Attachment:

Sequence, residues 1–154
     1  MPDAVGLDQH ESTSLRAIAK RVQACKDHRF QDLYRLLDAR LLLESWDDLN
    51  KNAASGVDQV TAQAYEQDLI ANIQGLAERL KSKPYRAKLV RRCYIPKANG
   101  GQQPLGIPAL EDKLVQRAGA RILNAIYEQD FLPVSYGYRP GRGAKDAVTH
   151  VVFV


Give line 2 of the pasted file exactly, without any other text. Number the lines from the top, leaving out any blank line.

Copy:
     1  MPDAVGLDQH ESTSLRAIAK RVQACKDHRF QDLYRLLDAR LLLESWDDLN